* HASDIS Computer Masters College
* Sir Syed Model School and College
* Model Public School, KTS
* Kausar Public School and College
* Jinnah Jamia Public School and college Haripur
* Basri Public School & College
* Sadat Model Public School
* Hazara Public School
* Pakistan International Public School
* Merit Schooling System
* Fauji Foundation Model School
* Islamic Universal Education System Kholian Bala.
* Zubaida aman degree collegeHaripur District has a Post Graduate College, that is funded by the Government, Providing education on Higher level.The city also has two Colleges for Girls which is also funded by the Government to provide Higher Education for Girls coming all around the City.

Haripur has 907 government primary schools, including 656 for boys and 251 for girls, in 2000–2001. In addition to government primary schools, 166 mosque schools were also functional in the district during this period.

The 907 government primary schools are there to cater a primary school age population (5–9 years) of 101,670, out of which 52,240 (51.38%) were boys and 49,430 (48.61%) were girls. The ratio of the primary schools with the primary school going age population indicates a limited access of the children to primary education. The district had 83 middle schools (56 for boys & 27 for girls), during 2001.

The mosque schools were introduced under the National Education Policy 1979 at the time of Fifth Five-Year Plan 1978–83. A mosque school is organized on the basis of 20–30 students, having normally one PTC teacher and Imam of the mosque as staff members, a shorter teaching programme (about four hours a day), same curriculum as of primary schools in addition to teaching of Holy Quran-e-Nazira (recitation of the Quran). The students qualifying from such schools are eligible for admission in formal schools for higher education.

During 2000–2001, 166 mosque schools (15.47% of the total primary schools) were functioning in district, while in 1997–98, this number was 180.Fact|date=February 2007 Details about the number of teachers and students, curricular activities and performance of these schools are not available. The school age population catered by the mosque schools is not available.


Haripur District is comparatively more industrialised than other districts in the NWF Province. There are many biggest factory units here like Telephone Industries of Pakistan, NRTC(National Radio Telecomunication Corporatin, Hazara fertilizers, Pak-China fertilizers, Terbela Cotton Mills etc. Furthermore, many small and big industrial factories are made in the Hatar industrial state such as Dewan Salman Fibre, Razzaq Blancket Industry, Ali Hussain Poltry, Khwaja Children Home and Heavy Electrical Complex. Because of these industries this district is playing an important role at country level in the economic development.

Since Haripur has developed situation of medium and big industries, its role in the agricultural field is also admirable. This district especially provides fruits and vegetable not only to Peshawar but also to Islamabad and the Punjab. There is more likelihood of social and economical development due to the project of Ghazi Brotha and Motorway from Peshawer to Islamabad.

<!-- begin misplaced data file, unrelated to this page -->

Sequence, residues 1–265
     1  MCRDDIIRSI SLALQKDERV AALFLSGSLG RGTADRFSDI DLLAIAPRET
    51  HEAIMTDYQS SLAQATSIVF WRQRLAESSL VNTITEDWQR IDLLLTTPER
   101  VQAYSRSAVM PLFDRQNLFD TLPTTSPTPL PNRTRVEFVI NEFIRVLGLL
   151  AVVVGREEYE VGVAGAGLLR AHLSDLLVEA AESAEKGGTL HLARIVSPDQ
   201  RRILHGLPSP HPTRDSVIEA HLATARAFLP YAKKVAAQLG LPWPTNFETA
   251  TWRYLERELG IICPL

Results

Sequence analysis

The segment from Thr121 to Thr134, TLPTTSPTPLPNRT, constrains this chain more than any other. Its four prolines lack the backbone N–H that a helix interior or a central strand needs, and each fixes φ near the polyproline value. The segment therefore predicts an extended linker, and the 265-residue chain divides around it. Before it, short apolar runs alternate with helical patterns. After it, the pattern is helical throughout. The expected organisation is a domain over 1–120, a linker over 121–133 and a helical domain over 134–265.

One of the well known places of the district Haripur is Khalabat Town named after a village now under Tarbela Dam lake. It is a well planned town with a population of around 35,000 and is located at the bank of Tarbela Lake and is home to those displaced by the Terbela Dam.

Among other famous places are: Bandi Seeran (95% people are working overseas especially in gulf) Thipra (one of the village of Pakistan where litracy rate is 100%), Mirpur, Baldher, Rehana, the home town of (former president of Pakistan) Field Marshal Ayub Khan, Sikanderpur, Dervesh, Kot Najibullah,Bhera, Khanpur(Tehsil), Beer, Korakki, Mora Mamdooh, Mankrai (an old Turkic settlement which is famous for its old ruins), Sarai Saleh, Ali Khan, Shah Mohammad (For variety of plant nursery's) and Sirikot. The major railway station of Haripur city is actually located in Pandak village near TIP. One well known place of the district is Jagal, it is near the KTS (Kahlabut town ship) - it is very big village. One more very big village is Dehdan (Dahdan). On karakurm highway 13 km west of Haripur.

Famous people from Haripur

* Sardar Muhammad Mushtaq Khan, present MNA of Haripur & Ex-MPA and Provisional Minister of NWFP.
* Qazi Muhammad Asad, Former and Present MPA from PF-50 and Minister for Higher Education, NWFP.
* Pir Muhammad Sabir Shah, MPA, Former Chief Minister NWFP
* Raja Faisal Zaman, MPA
* Akhtar Nawaz Khan, MPA
* Dr. Faiza Rashid, MPA
* Field Marshal Ayub Khan, Former President, and Army Chief of Pakistan
* Muhammad Anwar Shamim, Air Chief Marshal and Chief of the Air Staff of Pakistan Air Force
* Qateel Shifai, famous Urdu poet;
* Gohar Ayub Khan, former Speaker of the National Assembly and Foreign Minister of Pakistan.
* Yousaf Ayub Khan, Zillah Nazim, Haripur.
* Habibullah Khan Tareen, former NWFP Speaker and Education Minister.
* Sardar Fakhr-e-Alam Khan ex-chief election commissioner of PAKISTAN and ex-chief justice of Peshawar high court.
* Raja Sikander Zaman, former senior federal minister and Chief Minister of NWFP.
* Dr. Raja Amir Zaman, Former Zillah Nazim
* Sultan Raja Erij Zaman Khan - Chief of Gakhars and Ex MPA.
* Major Gen. Mohammed Khalid, Pakistan Army
* General Iqbal Khan, Pakistan Army